analysis was done of standards and assessments for grade 10 (State B—mathematics; State D—
science), a very low percentage of the standards attained an acceptable criterion of having 50% or
more of the items at or above the depth-of-knowledge level of the corresponding objectives. For
16
State B grade 10 mathematics, none of the standards reached this cutoff point. For State D grade
10 science, only 12% of the standards reached this cutoff point. In both of these states, the
percentage of standards at grade 10 achieving the criterion was below the percentage of standards
that had met this criterion for the middle grade and the elementary grade. This analysis would
suggest that expectations are more rigorous for high school, but that the tests did not reflect these
expectations and actually had students do less complex tasks.
Some differences were observed between the mathematics and science results that may indicate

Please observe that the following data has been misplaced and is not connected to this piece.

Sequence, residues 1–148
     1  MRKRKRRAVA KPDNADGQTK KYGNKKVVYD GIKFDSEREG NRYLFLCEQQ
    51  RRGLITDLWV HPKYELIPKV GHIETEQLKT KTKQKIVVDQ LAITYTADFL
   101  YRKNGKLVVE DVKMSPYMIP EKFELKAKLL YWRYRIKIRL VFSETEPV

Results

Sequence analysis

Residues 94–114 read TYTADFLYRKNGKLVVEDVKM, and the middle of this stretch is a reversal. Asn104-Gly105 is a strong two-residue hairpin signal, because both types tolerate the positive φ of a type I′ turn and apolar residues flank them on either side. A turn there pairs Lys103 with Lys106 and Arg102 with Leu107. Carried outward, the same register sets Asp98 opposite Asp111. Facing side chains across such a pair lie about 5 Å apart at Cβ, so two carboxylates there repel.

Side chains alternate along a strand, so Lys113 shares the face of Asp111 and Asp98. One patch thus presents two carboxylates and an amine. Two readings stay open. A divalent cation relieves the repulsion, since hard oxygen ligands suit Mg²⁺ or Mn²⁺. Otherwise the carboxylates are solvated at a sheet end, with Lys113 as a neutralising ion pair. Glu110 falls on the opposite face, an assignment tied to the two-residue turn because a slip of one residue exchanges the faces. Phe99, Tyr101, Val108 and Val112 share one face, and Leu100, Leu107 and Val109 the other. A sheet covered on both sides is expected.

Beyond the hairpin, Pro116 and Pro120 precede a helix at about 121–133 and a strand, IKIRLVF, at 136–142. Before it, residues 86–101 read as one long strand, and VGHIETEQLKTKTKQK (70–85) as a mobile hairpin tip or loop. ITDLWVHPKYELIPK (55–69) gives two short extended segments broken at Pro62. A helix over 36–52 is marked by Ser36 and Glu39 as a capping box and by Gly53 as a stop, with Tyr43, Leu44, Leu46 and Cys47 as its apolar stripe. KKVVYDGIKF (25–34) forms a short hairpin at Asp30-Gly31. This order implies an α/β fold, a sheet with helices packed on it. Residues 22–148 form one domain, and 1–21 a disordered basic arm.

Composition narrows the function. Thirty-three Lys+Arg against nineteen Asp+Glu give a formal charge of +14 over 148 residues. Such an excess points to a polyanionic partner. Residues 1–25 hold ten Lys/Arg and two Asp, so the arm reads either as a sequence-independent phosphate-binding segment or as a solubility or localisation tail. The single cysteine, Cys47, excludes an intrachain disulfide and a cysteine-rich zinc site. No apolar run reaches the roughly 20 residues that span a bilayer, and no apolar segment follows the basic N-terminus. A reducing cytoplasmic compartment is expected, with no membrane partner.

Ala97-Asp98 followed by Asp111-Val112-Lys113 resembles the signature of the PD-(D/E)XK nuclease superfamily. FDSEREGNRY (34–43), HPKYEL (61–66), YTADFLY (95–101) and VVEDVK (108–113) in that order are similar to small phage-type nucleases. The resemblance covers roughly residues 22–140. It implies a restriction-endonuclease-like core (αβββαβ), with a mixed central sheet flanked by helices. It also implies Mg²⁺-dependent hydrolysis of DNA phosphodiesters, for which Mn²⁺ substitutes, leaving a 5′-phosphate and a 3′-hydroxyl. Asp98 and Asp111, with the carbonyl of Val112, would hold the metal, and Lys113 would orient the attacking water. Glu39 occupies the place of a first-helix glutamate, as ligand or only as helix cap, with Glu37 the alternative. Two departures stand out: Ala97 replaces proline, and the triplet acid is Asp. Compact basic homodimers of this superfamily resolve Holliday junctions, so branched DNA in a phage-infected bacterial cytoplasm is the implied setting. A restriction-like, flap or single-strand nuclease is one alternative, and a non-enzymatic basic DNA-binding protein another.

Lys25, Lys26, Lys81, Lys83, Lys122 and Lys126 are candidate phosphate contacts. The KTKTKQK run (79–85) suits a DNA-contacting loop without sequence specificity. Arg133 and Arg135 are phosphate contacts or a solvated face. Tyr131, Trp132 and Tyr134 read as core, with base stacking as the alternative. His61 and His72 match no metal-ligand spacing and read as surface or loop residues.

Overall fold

that reviewers for each of these content areas employed different meanings in their analysis. A
higher proportion of mathematics objectives, than science objectives, was assigned to the highest
level, Level 4 (Extended Thinking). This may implythat the two groups of reviewers, one in
mathematics and one in science, were interpreting the levels differently or it could imply that, in
fact, a greater proportion of the mathematics standards than science standards sought to have
students extend their thinking.
Of the fourteen complete analyses performed, four of the analyses indicate a high depth-of-
knowledge consistency between the standards and the assessments—State A science grade 3
(83%), State A mathematics grade 6 (100%), State C mathematics grades 4 and 8 (100% and
83%, respectively). These four cases illustrate that standards and assessments can be aligned on
this criterion.
Range-of-Knowledge Correspondence
States’ standards and assessments, along with depth-of-knowledge consistency, achieved the
lowest degree of alignment on range-of-knowledge correspondence. The criterion of range-of-
knowledge correspondence considered the proportion of the objectives for a standard that had at
least one related assessment item. On this criterion, at least 50% of the objectives for a standard
had to have a related assessment item or activity to be acceptable. Only State B attained a high